MCA-5 Design Features That Rule In Multi-Family Projects-1

How can developers attract tenants and get the best return on investment in multi-family buildings? It’s critical to stay abreast of the latest trends, and today that means offering design-focused amenities that cater to the diverse needs of multiple generations.

Today’s multi-family developers can stand out from the competition by creating spaces that offer a healthy living environment and foster a sense of community among tenants. Apartment rents are rising at historic rates, notes CNBC, and it’s important to show potential tenants why living in a newly constructed multi-family building is worth the price.

We’ve witnessed firsthand the impact these smart designs have had on occupancy rates in multi-family buildings through our work designing model home interiors, amenities and recreational spaces. Here are five trends that builders, developers and architects should incorporate in multi-family projects to drive revenue:

In a space that serves as a leasing office by day and shared common room by night, glass partitions create office pods that are private yet connected and several different types of tables and chairs offer residents the opportunity to vary the size of activity areas. (Image: Mary Cook Associates)

When designing a multi-family building, it’s essential to keep future tenants in mind. For instance, Millennials are attracted by units that feature flexible floor plans and shared spaces that offer Wi-Fi throughout, plenty of indoor and outdoor electrical and USB outlets and other conveniences like keyless entry. For this generation as well as Boomers, features that promote social connectivity are just as important. Young professionals aren’t just looking for a place to sleep and eat; they want their home to be part of a community. The same holds true for Boomers, who are changing their lifestyles and have time on their hands to forge new relationships. Add features and amenities that make sense, from pet-focused or high-end laundry services to full-scale fitness centers and groceries the latter both options that are dependent on the resources available in a building’s surrounding neighborhood.

When it comes to style, Millennials at 80 million strong currently the largest demographic for multi-family buildings are looking for anything but cookie-cutter, notes Entrepreneur magazine. Just like selecting and customizing apps for smartphones, they look for units and common areas that they can break down and rebuild in different ways. One way we achieve this is by designing lobbies that offer telecommuters a quiet place to work during the day, but can be easily transformed into a lounge area for happy hour. Furniture choices have to reflect this, with lightweight chairs and tables that are easy to move around.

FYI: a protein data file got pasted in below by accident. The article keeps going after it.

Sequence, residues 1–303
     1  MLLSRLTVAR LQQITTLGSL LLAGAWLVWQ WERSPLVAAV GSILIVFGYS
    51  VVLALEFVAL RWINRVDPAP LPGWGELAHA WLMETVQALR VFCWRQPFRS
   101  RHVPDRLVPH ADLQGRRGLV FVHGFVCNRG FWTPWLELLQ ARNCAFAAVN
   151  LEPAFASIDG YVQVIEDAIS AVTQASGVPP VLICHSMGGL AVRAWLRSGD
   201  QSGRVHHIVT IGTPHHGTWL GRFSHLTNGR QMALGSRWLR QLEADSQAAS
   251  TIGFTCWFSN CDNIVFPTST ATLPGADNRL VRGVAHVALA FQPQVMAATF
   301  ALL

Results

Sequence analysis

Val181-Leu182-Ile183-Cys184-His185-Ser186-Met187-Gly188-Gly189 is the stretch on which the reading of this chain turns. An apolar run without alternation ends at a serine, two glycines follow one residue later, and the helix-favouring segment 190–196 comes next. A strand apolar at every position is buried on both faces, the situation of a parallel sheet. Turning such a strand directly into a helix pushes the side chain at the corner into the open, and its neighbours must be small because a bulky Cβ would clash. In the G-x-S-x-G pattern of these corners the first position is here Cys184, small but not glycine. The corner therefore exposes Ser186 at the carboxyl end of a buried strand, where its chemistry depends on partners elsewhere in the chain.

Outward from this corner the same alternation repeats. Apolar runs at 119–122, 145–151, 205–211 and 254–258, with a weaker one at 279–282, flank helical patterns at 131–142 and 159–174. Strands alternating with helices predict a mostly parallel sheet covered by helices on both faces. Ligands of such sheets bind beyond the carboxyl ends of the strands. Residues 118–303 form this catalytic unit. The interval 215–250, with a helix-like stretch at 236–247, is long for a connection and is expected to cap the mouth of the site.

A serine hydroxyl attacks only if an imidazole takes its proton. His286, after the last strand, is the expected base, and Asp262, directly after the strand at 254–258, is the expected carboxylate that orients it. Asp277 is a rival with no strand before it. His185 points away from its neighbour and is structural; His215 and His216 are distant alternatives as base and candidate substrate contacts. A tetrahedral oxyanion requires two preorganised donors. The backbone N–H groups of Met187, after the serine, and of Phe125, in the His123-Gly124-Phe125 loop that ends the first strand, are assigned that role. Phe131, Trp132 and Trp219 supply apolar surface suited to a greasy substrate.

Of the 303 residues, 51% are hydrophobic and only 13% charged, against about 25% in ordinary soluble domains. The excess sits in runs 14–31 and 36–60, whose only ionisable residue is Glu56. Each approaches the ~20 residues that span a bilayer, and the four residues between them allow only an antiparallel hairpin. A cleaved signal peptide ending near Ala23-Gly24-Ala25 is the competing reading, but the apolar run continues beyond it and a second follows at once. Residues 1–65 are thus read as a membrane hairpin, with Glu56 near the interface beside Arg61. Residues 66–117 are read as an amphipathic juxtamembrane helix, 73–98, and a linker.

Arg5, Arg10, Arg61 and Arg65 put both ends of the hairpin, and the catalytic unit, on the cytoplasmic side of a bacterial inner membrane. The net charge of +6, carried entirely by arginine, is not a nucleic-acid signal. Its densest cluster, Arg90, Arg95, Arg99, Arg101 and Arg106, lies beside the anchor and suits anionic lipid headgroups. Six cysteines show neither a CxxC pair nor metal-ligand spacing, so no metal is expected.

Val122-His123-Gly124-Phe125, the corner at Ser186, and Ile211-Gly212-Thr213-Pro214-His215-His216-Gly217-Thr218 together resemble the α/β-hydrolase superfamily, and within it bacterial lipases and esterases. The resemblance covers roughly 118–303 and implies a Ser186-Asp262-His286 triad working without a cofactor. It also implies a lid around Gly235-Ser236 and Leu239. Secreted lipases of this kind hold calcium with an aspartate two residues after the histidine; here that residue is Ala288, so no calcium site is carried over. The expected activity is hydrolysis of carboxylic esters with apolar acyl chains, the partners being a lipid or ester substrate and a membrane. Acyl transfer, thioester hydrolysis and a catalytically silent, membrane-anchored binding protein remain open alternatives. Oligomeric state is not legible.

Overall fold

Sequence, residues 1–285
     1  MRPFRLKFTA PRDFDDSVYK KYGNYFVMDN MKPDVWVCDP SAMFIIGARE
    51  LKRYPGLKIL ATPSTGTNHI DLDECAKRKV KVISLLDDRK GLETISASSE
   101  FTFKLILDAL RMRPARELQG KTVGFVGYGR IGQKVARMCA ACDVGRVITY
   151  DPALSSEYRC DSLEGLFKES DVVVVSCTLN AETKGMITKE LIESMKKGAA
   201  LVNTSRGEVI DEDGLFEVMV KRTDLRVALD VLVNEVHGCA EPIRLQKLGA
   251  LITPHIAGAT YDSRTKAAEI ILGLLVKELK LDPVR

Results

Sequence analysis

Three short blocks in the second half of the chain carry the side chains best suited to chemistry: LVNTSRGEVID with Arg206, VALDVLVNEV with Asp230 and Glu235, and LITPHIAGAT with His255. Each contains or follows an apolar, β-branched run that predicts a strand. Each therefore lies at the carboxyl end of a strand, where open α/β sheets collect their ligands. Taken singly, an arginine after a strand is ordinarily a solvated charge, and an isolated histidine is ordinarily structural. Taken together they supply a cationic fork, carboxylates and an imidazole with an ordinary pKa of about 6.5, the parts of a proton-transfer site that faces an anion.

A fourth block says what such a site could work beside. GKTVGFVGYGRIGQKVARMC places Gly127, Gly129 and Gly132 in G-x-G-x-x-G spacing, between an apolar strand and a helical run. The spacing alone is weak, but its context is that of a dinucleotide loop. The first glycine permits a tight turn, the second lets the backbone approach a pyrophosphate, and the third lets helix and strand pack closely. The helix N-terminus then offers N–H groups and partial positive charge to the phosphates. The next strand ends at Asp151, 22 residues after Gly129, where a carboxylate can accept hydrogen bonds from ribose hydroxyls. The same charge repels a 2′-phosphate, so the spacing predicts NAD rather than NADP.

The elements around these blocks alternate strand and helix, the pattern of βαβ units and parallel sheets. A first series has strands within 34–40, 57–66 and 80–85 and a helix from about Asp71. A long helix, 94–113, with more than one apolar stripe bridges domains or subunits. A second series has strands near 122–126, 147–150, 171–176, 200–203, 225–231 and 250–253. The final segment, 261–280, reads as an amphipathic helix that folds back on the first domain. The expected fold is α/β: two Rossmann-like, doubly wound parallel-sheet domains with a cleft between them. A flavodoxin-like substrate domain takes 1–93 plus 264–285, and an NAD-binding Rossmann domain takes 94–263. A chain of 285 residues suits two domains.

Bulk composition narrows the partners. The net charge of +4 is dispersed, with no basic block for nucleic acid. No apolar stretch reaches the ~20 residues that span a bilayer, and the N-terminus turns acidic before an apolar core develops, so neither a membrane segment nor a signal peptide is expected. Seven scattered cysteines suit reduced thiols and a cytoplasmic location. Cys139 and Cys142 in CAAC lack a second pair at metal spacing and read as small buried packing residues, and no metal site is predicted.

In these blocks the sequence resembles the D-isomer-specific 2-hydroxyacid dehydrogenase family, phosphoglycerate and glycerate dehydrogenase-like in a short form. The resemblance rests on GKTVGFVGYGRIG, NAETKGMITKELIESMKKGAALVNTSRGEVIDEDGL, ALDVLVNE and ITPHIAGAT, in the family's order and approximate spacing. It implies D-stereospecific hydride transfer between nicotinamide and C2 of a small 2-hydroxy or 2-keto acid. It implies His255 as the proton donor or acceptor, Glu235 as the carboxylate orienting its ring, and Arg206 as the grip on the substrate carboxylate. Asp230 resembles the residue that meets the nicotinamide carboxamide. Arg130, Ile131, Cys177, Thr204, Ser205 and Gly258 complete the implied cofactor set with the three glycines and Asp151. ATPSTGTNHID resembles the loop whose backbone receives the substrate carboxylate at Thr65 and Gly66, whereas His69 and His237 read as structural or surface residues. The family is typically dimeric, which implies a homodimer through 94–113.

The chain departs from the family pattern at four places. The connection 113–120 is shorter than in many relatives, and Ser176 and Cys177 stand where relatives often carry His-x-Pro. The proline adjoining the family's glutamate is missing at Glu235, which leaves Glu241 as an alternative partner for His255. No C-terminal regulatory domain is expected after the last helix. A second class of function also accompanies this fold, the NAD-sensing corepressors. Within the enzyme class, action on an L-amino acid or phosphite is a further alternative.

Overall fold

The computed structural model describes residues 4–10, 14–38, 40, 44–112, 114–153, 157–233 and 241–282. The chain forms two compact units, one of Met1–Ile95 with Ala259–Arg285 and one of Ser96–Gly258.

Multi-family building units have been shrinking as developers meet a growing demand for studios and one-bedroom apartments. In fact, the square footage of the average apartment in the U.S. has dropped almost 10 percent, notes the National Association of Realtors. Young adults are spending more time socializing and working in lobbies and common areas, so it is important to consider this when selecting décor and furnishings. Outdoors, invest in fabrics that can sustain water and UV ray exposure, and in all situations, use stain-resistant textiles and flooring that will uphold wear and tear of busy adults and young children.

In our experience designing amenities, recreational spaces and model home interiors in multi-family buildings, an effective way to maximize functionality is by incorporating movable or retractable walls. This allows tenants to adapt rooms for multiple purposes, catering to individual needs. In mild climates, walls can be opened up to a patio, creating outdoor lounges for working, alfresco dining and more. And with movable walls, fitness centers can offer larger, dance studio-type instruction, or smaller, intimate classes like yoga or meditation.

Creating a sustainable living space involves much more than simply offering recycling services. Multi-family developers, as well as designers, need to focus on healthy building materials that won’t compromise residents health, including nontoxic paints and finishes and locally sourced products. Pay close attention to areas like kitchen countertops and floors where children play. Every minute detail should be examined, from the glue behind wallpaper to fibers in carpets.

Mary Cook & Josh Kassing

Written By

Mary Cook & Josh Kassing

Founder and President of Mary Cook Associates (MCA)